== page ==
Festival stunned by heartbreaking suicide
It was the perfect weekend for a Civil War-themed salute, and the town of Danville knows how to do it right.
Their annual Iron Heritage Festival emphasizes authenticity.
The four-day showcase last week brought to town some of the big names in living history.
Both sides of the Civil War were represented.
There was General and Mrs. Robert E. Lee, portrayed by distinguished Frank and Bonnie Orlando of Gettysburg.
"Listen to what I tell you because you'll learn the truth about the war," said Gen. Lee, before Friday's gala parade.
A large contingent of the Confederation of Union Generals was on hand. The Gettysburg-based members and their wives dress to the hilt in authentic period costume, each representing a specific character and well-versed on historic details.
Well-known Jim Getty of Gettysburg, famous for portraying Abraham Lincoln, developed health issues and had to cancel.
But in his place, another Honest Abe portrayer, James Hayney of Camp Hill, amazed the crowd with his presidential bearing.
Saturday's events kicked off with the first scenic train excursion on the eight-car North Shore Railroad. The ride takes passengers to Bloomsburg and, alternately, Northumberland. But on this day, the trips came to a grinding halt.
The train, loaded with sightseers, began to pull away at 10 a.m., traveling only 6 mph, when reality kicked in.
A 21-year-old man, believed to be a transient from Virginia, waited for just the right moment to dive in between the train wheels. He was killed instantly, decapitated.
The body was found positioned face-down, wearing camouflage pants, dark shirt and dark shoes. Found near the body was a backpack.
The train continued on a two-hour trip, riders and crew unaware. But someone in the caboose looked back and saw what appeared to be legs at the railroad tracks and radioed back to the boarding area.
Meanwhile, a distraught female witness had seen what happened and called 911.
Police and firefighters rushed to the scene, cordoning off the area so that festival attendees wouldn't see the horror. They used fire hoses to clean the railroad tracks. All of the other excursions were canceled. Ticket holders were given refunds.
Understandably, the tragedy cast a pall over the festival. I was giving demonstrations of the highwheel bike as I've done at Danville for the past several years. My station was situated just a few steps from the railroad tracks at the scene of the tragedy. It was hard to smile all day long.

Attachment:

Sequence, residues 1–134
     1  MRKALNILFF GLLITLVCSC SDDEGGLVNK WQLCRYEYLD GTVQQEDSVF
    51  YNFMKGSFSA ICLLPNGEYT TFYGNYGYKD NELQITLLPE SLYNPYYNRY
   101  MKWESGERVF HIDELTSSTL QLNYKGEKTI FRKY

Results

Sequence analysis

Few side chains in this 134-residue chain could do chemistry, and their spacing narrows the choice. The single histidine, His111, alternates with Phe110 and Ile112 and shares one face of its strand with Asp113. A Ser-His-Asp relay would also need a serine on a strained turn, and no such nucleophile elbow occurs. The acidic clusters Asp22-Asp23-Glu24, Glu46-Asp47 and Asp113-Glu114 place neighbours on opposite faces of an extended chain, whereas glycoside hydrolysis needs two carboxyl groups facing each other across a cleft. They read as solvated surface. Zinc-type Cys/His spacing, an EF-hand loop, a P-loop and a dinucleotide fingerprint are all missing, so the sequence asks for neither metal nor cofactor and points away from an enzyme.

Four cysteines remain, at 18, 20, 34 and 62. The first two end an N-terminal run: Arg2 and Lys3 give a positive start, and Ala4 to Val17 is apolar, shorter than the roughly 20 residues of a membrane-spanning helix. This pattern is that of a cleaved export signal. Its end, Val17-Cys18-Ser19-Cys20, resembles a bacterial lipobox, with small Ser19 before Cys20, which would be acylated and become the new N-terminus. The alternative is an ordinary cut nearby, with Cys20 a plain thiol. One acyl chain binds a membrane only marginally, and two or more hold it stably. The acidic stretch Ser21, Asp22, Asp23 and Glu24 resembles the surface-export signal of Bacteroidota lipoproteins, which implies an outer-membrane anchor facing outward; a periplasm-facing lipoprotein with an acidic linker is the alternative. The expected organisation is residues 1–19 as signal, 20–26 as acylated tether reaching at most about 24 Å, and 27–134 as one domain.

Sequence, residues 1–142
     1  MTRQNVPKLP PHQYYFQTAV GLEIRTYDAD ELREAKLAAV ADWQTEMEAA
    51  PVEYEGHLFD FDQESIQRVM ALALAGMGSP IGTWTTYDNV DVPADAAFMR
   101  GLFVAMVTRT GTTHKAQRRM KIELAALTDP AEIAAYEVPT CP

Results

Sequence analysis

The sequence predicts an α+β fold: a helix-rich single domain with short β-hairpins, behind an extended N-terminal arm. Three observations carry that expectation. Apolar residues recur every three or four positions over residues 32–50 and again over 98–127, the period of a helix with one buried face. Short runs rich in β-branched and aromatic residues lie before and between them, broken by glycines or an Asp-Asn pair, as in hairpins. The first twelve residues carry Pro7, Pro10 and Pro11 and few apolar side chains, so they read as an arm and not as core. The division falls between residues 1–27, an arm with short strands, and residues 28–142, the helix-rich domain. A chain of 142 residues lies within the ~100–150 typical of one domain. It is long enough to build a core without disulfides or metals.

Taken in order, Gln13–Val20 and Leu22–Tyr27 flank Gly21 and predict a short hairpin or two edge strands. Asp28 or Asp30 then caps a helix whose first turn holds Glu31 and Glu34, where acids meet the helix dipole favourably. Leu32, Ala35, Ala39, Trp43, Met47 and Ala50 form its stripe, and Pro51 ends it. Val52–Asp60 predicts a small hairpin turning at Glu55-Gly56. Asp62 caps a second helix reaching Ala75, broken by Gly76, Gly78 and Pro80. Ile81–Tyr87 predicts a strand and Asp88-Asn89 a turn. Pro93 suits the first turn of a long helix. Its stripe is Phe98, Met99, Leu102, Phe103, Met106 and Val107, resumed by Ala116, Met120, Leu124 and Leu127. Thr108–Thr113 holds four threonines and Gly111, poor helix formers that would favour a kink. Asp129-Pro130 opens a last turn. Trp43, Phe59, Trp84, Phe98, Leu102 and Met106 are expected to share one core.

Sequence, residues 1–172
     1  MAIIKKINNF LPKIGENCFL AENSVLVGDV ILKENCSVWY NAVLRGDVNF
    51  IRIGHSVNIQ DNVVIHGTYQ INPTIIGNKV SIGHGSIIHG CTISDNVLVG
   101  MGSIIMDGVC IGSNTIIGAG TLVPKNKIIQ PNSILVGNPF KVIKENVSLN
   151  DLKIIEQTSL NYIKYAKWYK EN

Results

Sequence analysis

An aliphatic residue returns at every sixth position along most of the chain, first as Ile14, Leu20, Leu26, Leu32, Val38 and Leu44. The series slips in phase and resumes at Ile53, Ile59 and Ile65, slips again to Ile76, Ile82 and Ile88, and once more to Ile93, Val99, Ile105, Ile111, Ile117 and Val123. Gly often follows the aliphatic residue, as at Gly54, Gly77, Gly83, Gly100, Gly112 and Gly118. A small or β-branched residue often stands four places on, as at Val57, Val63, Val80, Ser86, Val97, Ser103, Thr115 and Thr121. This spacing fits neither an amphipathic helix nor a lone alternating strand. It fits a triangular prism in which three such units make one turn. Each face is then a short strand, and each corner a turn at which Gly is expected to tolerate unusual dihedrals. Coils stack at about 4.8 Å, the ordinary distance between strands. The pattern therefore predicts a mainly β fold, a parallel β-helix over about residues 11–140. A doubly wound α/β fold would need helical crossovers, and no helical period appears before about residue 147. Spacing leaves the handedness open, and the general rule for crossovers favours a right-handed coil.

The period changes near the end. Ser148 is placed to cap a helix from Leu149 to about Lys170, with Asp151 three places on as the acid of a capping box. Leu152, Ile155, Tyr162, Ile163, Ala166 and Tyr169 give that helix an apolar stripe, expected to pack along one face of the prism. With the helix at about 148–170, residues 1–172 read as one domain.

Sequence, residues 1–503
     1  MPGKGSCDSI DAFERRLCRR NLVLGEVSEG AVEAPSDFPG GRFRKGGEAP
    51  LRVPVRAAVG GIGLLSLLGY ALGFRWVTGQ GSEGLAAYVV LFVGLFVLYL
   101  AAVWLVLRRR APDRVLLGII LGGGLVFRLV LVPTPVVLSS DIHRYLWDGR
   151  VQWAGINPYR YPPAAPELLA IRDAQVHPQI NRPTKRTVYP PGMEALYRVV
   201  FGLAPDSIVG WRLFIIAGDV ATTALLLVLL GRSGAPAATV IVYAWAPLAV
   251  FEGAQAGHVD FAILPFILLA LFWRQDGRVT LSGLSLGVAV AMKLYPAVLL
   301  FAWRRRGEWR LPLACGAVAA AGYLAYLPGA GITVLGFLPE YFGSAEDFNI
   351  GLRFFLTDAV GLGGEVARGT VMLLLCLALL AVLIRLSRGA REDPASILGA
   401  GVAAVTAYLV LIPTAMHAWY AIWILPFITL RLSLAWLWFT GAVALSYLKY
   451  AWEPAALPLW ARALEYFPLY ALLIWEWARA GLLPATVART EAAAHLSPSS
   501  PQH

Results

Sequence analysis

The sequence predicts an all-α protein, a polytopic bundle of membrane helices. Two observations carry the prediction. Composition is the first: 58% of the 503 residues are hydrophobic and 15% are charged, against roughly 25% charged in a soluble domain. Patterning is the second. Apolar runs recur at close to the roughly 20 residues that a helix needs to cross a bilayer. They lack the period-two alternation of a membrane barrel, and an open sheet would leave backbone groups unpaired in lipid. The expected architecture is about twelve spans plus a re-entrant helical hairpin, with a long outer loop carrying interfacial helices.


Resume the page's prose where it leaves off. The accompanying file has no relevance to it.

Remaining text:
"It put a damper on the entire day," agreed volunteer Ted Swank, who mans the Mill Street rail crossing while dressed as an engineer.
The death was ruled suicide. Police figured the victim, seen lurking in the vicinity since Friday, apparently waited for just the right moment to end his life. There was nothing anybody could do to stop him.
Why he chose to do it in the middle of a crowded street fair is something I'll never understand.
But I don't pass judgment.
One year ago I lost lifelong friend Richard to suicide. He had everything to live for. He took his life over the Fourth of July holiday in the serenity of a state park. I can't make sense of it. His passing still hurts me and many others.
I'm convinced we'll never understand the workings of the mind and the circumstances that cause some people to do the unthinkable.
If depression is the root cause, there's good news. Depression is very treatable, and help is available.
Sadly, the young man who killed himself Saturday did it within a few blocks of 1,500 doctors and nurses at Geisinger Medical Center, all of whom would've gladly come to his aid.
If you feel down and it lasts for many days, it's time to seek help.
And don't worry, there's no shame in feeling depressed. It's not your fault.
The important thing is to get help right away.
Don't hold it inside, and don't try to deal with it yourself.
Tell others about it. Go to the doctor, or ask someone to take you there.
No matter how bleak things seem to be, there are people who care about you.
And that, alone, is reason to smile.